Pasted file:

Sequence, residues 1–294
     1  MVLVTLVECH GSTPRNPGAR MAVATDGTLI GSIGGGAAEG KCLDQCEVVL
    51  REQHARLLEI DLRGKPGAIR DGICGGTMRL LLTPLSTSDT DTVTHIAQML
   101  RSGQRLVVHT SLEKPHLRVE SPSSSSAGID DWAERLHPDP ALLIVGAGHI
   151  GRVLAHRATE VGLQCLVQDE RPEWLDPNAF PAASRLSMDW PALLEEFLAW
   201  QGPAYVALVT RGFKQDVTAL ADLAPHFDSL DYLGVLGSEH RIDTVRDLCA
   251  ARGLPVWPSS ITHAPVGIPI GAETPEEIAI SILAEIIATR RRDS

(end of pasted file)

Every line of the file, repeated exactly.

Sequence, residues 1–294
     1  MVLVTLVECH GSTPRNPGAR MAVATDGTLI GSIGGGAAEG KCLDQCEVVL
    51  REQHARLLEI DLRGKPGAIR DGICGGTMRL LLTPLSTSDT DTVTHIAQML
   101  RSGQRLVVHT SLEKPHLRVE SPSSSSAGID DWAERLHPDP ALLIVGAGHI
   151  GRVLAHRATE VGLQCLVQDE RPEWLDPNAF PAASRLSMDW PALLEEFLAW
   201  QGPAYVALVT RGFKQDVTAL ADLAPHFDSL DYLGVLGSEH RIDTVRDLCA
   251  ARGLPVWPSS ITHAPVGIPI GAETPEEIAI SILAEIIATR RRDS